The Devil Is a Woman
Time Out saysSternberg's final film with Dietrich, as precisely aimed as a whiplash to the coccyx. Marlene is Concha Perez, cigarette factory girl, sailing serenely through a comic-opera Spain in a steely, deeply-felt analysis of male masochism. Sternberg adapts the same Pierre Louys novel as Buñuel did for That Obscure Object of Desire, but he does it from the inside, centreing on the experience of two men (a young revolutionary and an older military man) who love Marlene and compulsively submit to the agonies of being rejected by her. Even those who go only for the Dietrich glamour can't miss these underlying tensions, since the stoic acceptance of emotional pain undermines all the surface frivolity. Some will find the glittering cruelty sublime. Unique now, as it was then.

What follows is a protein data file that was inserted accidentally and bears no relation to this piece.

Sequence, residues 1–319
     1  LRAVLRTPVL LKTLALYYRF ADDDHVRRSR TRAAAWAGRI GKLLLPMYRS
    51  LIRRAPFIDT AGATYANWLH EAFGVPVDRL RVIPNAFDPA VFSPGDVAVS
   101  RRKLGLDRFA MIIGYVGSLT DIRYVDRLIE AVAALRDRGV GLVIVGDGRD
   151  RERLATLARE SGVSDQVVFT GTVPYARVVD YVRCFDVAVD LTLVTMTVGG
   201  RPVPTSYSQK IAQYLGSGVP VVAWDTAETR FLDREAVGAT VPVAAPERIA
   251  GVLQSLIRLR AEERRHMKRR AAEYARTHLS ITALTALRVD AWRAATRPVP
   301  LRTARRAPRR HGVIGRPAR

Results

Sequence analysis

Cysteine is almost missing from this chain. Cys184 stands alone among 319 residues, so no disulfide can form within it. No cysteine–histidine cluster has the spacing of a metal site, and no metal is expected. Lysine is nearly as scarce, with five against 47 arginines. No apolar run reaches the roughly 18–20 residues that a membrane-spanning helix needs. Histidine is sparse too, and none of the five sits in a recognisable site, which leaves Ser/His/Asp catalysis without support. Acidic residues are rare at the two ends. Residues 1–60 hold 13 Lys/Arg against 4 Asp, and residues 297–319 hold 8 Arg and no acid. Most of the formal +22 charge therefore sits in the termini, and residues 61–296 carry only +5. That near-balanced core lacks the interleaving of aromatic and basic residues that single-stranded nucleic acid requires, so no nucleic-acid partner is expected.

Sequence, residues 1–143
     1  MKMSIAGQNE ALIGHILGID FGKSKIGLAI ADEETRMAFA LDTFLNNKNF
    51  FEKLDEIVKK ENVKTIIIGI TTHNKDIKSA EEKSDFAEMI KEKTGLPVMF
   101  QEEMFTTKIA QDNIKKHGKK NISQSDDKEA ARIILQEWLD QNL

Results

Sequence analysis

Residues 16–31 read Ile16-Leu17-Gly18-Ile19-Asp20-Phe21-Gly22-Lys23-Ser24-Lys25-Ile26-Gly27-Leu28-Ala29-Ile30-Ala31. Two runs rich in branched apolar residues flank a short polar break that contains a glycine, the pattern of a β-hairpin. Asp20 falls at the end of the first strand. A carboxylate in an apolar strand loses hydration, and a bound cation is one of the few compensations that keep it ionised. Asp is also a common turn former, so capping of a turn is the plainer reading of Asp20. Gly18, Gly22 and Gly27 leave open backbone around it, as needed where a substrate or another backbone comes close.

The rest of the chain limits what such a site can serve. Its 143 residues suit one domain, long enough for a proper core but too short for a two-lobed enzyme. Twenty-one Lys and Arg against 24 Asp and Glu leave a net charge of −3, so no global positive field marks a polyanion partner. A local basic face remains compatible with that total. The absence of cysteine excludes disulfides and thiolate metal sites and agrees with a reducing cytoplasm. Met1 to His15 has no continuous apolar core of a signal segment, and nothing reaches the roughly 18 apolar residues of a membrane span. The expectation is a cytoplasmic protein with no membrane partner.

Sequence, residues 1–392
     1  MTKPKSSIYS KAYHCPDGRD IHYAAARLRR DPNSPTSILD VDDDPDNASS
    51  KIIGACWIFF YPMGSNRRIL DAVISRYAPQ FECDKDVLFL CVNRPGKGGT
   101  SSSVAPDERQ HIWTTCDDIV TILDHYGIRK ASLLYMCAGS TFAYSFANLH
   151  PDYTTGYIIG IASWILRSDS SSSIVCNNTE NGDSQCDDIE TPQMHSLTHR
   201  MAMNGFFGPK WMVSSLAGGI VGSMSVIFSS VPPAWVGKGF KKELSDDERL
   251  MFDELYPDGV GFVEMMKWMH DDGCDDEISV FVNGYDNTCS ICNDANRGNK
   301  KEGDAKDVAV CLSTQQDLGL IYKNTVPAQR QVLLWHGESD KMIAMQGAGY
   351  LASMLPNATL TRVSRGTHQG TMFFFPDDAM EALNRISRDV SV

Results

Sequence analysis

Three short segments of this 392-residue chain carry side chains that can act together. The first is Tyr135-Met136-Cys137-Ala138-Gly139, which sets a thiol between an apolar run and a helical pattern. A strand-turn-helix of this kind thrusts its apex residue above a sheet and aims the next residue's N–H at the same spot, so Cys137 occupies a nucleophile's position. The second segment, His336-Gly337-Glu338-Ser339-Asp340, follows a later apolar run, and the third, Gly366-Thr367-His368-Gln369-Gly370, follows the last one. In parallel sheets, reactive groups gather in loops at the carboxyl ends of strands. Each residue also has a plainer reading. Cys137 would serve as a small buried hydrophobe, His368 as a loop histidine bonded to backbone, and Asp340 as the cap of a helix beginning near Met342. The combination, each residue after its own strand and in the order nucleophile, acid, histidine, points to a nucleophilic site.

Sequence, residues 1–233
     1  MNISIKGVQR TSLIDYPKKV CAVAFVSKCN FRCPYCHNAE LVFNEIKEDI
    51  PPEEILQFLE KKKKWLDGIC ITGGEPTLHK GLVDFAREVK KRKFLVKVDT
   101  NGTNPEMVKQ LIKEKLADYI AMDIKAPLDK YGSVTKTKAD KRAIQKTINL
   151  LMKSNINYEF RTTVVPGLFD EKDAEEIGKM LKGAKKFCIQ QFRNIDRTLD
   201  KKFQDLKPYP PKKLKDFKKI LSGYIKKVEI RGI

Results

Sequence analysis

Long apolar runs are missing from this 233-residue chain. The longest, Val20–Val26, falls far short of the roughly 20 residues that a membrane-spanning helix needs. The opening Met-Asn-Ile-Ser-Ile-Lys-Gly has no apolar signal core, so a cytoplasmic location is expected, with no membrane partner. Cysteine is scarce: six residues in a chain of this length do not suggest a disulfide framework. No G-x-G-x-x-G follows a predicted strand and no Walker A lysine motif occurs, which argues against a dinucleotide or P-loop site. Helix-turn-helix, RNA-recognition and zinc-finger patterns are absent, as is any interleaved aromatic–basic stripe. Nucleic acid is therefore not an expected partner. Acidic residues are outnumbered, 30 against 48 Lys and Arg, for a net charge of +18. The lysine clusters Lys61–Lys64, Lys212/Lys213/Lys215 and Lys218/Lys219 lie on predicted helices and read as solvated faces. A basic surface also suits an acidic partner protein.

<strong>Rating: </strong><span class='lf-avgRating'>0</span>/5